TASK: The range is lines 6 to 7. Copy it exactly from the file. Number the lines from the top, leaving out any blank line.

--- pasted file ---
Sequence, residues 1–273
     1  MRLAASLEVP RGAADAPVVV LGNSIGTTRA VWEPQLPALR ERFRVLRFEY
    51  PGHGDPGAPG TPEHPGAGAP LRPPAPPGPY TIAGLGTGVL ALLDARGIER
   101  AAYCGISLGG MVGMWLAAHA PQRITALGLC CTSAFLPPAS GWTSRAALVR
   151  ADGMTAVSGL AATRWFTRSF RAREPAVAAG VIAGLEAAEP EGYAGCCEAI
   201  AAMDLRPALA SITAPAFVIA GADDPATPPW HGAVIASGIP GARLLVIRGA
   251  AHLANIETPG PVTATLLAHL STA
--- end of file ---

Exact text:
   201  AAMDLRPALA SITAPAFVIA GADDPATPPW HGAVIASGIP GARLLVIRGA
   251  AHLANIETPG PVTATLLAHL STA